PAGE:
In the morning, Gale, Finnick, and Katniss work on propos and then return to camp to find that Jackson has invented a game: Real or Not Real? Peeta asks questions, and they answer and explain. Yes, District 12 did burn, and most residents dies, but no, the fire was not his fault—and on and on. Jackson adjusts the guard rotation so that someone who knows Peeta is always on hand to answer his questions. He puzzles over details large and small, and piecing together his memory of Katniss is, she sees, “excruciating.” She’s glad she can help a little.
The next day, a city block is set aside for a propo so that Plutarch can get more interesting footage. As the squad moves out, Peeta realizes that Pollux is an Avox and says that two Avoxes were with him in prison: Darius and Lavinia. Because both served in the Training Center while Katniss and Peeta were there, they were arrested and tortured. Peeta says that Lavinia was “lucky” because her tormentors used too much voltage and stopped her heart. Darius suffered for days, beaten and cut as his tormentors asked him questions he could not physically answer. Darius could only make “horrible animal sounds” as Peeta was forced to watch and listen. The squad is stunned, and Peeta asks, “Real or not real?” Boggs thinks that this memory probably is real, and Peeta agrees.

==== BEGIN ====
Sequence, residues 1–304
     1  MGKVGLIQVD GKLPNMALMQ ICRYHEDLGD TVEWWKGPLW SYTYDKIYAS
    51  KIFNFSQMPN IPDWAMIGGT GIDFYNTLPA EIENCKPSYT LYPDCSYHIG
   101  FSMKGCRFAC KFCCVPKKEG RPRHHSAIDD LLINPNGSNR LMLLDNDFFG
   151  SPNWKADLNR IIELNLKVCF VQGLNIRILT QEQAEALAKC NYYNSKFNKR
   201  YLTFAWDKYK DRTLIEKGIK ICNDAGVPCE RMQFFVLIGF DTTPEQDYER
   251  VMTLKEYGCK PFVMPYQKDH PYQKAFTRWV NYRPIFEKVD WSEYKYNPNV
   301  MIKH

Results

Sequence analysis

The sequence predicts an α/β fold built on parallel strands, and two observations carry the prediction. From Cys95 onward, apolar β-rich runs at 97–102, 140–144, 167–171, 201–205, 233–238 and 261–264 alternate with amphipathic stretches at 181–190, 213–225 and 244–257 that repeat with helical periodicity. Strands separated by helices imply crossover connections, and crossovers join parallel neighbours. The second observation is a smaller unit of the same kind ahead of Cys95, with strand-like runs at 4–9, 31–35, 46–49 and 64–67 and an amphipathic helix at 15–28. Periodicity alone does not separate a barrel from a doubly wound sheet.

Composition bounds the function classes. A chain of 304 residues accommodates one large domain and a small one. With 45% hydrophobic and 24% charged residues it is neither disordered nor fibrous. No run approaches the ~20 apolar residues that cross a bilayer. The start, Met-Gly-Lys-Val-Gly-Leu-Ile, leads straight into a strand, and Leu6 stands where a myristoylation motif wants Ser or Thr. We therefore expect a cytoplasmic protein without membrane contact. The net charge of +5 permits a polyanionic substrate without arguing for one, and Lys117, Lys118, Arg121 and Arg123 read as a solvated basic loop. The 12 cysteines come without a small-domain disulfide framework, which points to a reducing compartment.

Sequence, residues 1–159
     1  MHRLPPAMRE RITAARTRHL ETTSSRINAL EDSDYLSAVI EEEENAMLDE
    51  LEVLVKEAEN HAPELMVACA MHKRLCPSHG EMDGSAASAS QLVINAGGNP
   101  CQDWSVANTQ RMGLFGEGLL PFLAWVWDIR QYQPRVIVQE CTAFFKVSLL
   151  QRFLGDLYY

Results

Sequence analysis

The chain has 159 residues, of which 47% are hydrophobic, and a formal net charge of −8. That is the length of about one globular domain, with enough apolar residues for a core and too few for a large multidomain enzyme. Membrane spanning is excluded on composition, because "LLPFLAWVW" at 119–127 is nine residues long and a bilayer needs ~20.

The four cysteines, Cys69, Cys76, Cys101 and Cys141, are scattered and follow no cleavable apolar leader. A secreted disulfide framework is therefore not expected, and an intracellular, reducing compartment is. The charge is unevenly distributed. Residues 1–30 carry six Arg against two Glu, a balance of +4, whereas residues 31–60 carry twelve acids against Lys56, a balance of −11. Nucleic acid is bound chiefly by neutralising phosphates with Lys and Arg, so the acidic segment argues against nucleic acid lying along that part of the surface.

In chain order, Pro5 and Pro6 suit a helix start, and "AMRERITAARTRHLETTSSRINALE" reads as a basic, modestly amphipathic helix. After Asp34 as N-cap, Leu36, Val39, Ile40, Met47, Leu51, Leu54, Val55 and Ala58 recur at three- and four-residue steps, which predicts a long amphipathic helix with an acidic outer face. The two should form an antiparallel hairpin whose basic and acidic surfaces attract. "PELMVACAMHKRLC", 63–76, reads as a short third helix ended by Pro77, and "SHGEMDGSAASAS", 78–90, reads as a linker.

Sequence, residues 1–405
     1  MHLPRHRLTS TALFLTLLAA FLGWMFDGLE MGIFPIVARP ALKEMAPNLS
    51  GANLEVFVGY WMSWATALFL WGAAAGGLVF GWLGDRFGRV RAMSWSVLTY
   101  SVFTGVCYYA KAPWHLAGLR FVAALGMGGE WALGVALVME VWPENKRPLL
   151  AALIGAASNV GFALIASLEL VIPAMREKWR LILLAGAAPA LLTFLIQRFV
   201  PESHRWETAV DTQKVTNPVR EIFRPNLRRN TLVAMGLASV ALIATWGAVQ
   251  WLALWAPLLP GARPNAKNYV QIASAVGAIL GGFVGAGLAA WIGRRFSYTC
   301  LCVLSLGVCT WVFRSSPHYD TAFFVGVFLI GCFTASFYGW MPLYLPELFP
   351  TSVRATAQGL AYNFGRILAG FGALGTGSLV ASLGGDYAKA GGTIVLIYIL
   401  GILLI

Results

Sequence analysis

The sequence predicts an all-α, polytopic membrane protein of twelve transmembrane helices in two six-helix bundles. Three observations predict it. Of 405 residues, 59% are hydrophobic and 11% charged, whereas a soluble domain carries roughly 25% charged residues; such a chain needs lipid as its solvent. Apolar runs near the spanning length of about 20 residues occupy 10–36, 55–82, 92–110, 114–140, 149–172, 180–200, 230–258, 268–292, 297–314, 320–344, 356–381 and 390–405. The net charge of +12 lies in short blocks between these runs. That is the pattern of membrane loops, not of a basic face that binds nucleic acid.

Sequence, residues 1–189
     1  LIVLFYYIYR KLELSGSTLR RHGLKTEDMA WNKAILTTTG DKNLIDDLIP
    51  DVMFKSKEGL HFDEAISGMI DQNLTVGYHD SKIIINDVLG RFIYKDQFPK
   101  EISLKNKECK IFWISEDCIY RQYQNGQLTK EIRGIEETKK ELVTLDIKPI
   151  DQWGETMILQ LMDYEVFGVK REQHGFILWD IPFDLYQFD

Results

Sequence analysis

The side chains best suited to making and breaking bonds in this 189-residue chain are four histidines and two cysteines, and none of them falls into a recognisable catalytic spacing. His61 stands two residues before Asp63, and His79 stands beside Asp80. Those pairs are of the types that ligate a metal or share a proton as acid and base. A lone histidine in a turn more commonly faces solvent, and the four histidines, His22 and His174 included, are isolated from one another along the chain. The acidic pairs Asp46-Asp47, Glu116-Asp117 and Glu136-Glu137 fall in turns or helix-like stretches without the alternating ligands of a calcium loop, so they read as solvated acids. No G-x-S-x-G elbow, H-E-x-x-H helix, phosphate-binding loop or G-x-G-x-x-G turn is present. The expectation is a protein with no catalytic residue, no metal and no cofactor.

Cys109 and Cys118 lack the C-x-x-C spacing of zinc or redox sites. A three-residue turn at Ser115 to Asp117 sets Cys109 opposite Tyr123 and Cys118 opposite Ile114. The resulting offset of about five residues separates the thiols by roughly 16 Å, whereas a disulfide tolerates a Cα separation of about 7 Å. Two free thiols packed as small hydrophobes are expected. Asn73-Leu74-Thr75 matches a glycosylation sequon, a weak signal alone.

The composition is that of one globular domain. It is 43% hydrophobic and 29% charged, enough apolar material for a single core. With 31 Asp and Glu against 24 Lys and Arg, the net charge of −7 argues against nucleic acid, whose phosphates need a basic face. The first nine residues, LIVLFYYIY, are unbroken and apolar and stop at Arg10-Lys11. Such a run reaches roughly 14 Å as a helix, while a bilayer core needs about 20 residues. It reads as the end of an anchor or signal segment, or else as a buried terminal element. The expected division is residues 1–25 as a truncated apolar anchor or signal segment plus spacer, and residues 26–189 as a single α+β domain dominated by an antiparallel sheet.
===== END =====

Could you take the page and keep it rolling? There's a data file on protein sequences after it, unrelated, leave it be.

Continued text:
Gale comforts Katniss for a moment. Now they know the name of the girl they saw years ago in the woods as she tried to escape the Capitol. They know her fate and that of Darius, the red-headed District 12 Peacekeeper who was punished for trying to save Gale from flogging. Gale’s expression “promises death,” and Katniss adds Darius and Lavinia to the “personal list of kills” for which she feels responsible.
They reach the block they are to clear and begin to detonate pods as Cressida, Castor, and Pollux film. Cressida stops the squad to get close ups and to reenact certain moments, and the work seems almost like a game. They laugh at each other’s attempts to act until Boggs orders, “Pull it together.” He checks the Holo, steps back, and triggers a bomb that is not in the Holo’s data. It tears off his legs.
Part III is titled “The Assassin,” leading readers to ask: Who is the assassin? Who is the target? Before the surprising appearance of Peeta in the last lines of Part II, most readers would answer “Katniss” and “Snow.” Now, a valid answer might be that Coin has sent the hijacked Peeta to murder Katniss when his Capitol programming overtakes his reason. This development is a clear sign that Katniss now must contend with two enemies: the intimidating, deadly Snow and cool, manipulative Coin. But these adversaries are still far away. For the moment, Peeta’s struggles are the more present problem, and the squad enjoys a few days of unity as they work together to help him. The hopeful mood is marred by Peeta’s memories of torture and then, of course, shattered by Boggs’s traumatic injury. At this point, the novel’s tone darkens, setting up the dramatic battles that take place in the Capitol.